The ‘Fast, Efficient and Incorruptible’ Ministers Forming Museveni’s Cabinet

By Dicta Asiimwe

President Yoweri Museveni’s decision to drop nearly half of his previous Cabinet, saying he wanted people who could “move fast, are efficient and incorruptible,” has become a subject of debate.

One of the ministries being highlighted is Health, which kept the Ugandan President on the defensive during the election period after Kizza Besigye, the Forum for Democratic Change (FDC) presidential candidate, visited the rotting Abim referral hospital in the northeastern region.

The police were quickly deployed to guard other health facilities to stop presidential candidates’ visits, but the damage was done, as Dr Besigye’s continued reference to Uganda’s hospitals being deathtraps trended.

“During the campaigns, the president’s opponents tried to embarrass him by focusing on hospitals and he is trying to solve this problem by appointing a technocrat,” said Simon Mulongo the former MP for Bubulo East in Manafwa district and senior member of the ruling National Resistance Movement.


The embarrassment of a rotting Abim hospital in full view of the cameras was followed by the breakdown of Uganda’s only radiotherapy machine, which became a public relations nightmare for Health Ministers Elioda Tumwesigye and Chris Baryomunsi, as neither seemed to have an acceptable explanation.

Dr Tumwesigye has since been moved to the Ministry of Science, Technology and Innovation, while Dr Baryomuninsi is now the Minister of State for Housing, both of which are considered “quiet areas.”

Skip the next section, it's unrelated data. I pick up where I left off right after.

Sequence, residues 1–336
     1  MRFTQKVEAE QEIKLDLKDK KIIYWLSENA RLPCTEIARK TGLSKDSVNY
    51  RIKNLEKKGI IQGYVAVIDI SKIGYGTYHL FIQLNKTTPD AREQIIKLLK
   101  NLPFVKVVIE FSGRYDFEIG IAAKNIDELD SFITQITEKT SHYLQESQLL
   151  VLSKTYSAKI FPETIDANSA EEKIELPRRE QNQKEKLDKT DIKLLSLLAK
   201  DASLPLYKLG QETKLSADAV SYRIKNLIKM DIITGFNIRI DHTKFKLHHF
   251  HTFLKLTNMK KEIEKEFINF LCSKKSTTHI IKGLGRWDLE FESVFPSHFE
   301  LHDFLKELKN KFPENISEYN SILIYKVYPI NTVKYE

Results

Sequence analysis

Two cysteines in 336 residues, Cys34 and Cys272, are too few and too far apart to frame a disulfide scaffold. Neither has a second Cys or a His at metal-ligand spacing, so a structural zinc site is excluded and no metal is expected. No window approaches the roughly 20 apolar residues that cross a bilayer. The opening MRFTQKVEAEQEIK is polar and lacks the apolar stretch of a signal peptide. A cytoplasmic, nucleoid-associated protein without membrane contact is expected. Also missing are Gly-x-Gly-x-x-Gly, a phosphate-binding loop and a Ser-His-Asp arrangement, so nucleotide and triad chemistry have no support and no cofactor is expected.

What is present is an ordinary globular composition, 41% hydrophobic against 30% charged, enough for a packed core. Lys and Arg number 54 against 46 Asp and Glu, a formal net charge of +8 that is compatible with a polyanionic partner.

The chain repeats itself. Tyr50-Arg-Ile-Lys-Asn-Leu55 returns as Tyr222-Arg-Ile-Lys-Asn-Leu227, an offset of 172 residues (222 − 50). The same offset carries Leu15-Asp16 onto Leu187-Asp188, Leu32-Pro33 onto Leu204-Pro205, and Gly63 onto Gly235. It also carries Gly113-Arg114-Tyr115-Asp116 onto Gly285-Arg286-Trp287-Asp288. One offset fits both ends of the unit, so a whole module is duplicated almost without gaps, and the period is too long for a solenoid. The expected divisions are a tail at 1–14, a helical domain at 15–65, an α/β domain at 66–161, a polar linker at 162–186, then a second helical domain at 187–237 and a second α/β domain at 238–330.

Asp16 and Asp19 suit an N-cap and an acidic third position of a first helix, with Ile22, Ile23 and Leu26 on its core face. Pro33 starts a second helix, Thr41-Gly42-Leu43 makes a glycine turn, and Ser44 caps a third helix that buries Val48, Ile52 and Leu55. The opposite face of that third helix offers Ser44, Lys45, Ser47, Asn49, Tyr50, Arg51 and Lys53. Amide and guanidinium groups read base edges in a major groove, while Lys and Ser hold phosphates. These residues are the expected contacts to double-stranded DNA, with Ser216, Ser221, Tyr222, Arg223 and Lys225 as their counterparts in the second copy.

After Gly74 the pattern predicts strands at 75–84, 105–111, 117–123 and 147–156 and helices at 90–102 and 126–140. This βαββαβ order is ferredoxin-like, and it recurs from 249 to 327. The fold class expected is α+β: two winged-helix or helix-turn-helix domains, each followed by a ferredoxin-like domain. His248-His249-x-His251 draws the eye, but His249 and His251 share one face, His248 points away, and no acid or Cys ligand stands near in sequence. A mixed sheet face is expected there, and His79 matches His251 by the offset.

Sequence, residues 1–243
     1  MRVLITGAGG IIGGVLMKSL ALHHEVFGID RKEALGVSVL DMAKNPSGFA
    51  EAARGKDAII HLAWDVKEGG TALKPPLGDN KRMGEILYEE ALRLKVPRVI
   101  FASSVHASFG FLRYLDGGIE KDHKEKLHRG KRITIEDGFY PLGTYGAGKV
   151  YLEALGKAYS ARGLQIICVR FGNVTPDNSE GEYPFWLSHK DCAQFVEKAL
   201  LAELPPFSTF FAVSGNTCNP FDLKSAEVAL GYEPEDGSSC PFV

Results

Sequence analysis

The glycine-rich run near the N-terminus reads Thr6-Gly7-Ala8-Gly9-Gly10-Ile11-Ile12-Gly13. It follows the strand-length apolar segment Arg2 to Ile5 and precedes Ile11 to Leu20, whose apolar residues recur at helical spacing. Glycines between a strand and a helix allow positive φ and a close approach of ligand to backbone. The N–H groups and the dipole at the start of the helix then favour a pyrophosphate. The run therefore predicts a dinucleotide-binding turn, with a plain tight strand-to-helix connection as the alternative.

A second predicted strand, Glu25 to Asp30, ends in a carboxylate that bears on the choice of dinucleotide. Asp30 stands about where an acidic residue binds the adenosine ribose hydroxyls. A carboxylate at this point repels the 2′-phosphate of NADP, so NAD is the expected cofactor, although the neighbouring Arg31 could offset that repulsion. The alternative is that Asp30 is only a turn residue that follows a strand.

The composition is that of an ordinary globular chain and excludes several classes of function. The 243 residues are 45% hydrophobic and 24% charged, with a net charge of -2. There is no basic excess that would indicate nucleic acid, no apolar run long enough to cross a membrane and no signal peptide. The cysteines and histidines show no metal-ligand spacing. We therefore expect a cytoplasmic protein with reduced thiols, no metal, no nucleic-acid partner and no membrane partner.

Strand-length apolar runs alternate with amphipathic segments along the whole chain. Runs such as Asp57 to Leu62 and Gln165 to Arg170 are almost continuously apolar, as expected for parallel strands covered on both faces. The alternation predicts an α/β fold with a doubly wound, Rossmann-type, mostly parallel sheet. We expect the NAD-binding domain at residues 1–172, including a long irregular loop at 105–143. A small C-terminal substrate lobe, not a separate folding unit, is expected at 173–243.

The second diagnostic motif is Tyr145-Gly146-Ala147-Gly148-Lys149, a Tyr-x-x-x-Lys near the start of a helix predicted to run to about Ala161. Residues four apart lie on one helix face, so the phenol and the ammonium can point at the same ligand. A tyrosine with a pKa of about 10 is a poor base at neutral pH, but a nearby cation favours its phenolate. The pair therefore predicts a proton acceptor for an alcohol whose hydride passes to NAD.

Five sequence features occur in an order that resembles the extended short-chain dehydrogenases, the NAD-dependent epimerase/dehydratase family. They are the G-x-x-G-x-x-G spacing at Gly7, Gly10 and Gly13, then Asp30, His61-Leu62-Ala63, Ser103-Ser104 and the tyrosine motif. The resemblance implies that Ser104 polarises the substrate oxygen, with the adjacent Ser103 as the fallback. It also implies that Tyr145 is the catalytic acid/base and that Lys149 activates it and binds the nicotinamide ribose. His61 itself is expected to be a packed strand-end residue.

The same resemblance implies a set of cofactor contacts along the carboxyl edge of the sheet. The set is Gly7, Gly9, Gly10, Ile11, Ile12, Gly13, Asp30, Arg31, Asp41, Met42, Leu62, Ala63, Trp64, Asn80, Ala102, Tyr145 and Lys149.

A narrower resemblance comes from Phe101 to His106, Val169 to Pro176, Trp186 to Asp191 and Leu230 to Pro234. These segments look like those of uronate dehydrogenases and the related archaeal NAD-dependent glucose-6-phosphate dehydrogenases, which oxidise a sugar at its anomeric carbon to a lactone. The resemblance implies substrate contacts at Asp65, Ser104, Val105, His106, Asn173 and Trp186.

The two ministers have been replaced by fellow doctors, including the director-general for health services Jane Ruth Aceng, who should have a good handle on the issues, since she has five years’ experience as the head technocrat at this ministry.

As a minister she will be expected to make sure that the Ush1.9 billion ($545.8 million) allocated to her ministry this year is used on the intended beneficiaries and that she deals with health workers who don’t deliver. However, she argues that they deserve better pay to enable them to deliver services to the public.

Mr Mulongo however wonders whether Dr Aceng can deliver a functioning health sector. As the head technocrat in the Ministry of Health, Mr Mulongo argues that she was expected to guide the ministers in that docket, and their failures should be her failures too.

It is also not lost on many Ugandans that another technocrat, Christine Ondoa, whose entry into the ministry was hailed, also suffered an unceremonious exit as the health sector’s problems continued to pile up.

Mr Mulongo said the failure of such a technocrat is an important measure that should determine whether someone is promoted to become a minister or not, especially since the president expects non-technocrat individuals like Adolf Mwesige to do a good job.

Mr Mwesige has been appointed the Minister of Defence and Veteran Affairs, yet he has never been a soldier. But with his law background and with the help of soldiers, he is expected to continue guarding the country’s position as an influential defender of different interests on the African continent.

In the Defence docket, Mr Mwesige has a number of issues to deal with. He will have to make decide whether or not to order a withdrawal of the Uganda People’s Defence Forces from Somalia, nine years on; in South Sudan where the UPDF deployed in December 2013 and in eastern Democratic Republic of Congo, where Ugandan rebels have a presence.